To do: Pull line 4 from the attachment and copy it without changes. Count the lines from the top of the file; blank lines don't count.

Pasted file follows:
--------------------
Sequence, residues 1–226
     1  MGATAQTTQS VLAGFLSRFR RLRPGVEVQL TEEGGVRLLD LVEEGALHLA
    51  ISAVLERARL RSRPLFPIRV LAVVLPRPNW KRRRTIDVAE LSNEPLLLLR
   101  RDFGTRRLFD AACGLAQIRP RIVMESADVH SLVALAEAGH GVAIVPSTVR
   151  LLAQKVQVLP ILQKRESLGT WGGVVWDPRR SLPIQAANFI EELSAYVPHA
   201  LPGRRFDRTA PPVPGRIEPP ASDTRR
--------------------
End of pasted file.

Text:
   101  RDFGTRRLFD AACGLAQIRP RIVMESADVH SLVALAEAGH GVAIVPSTVR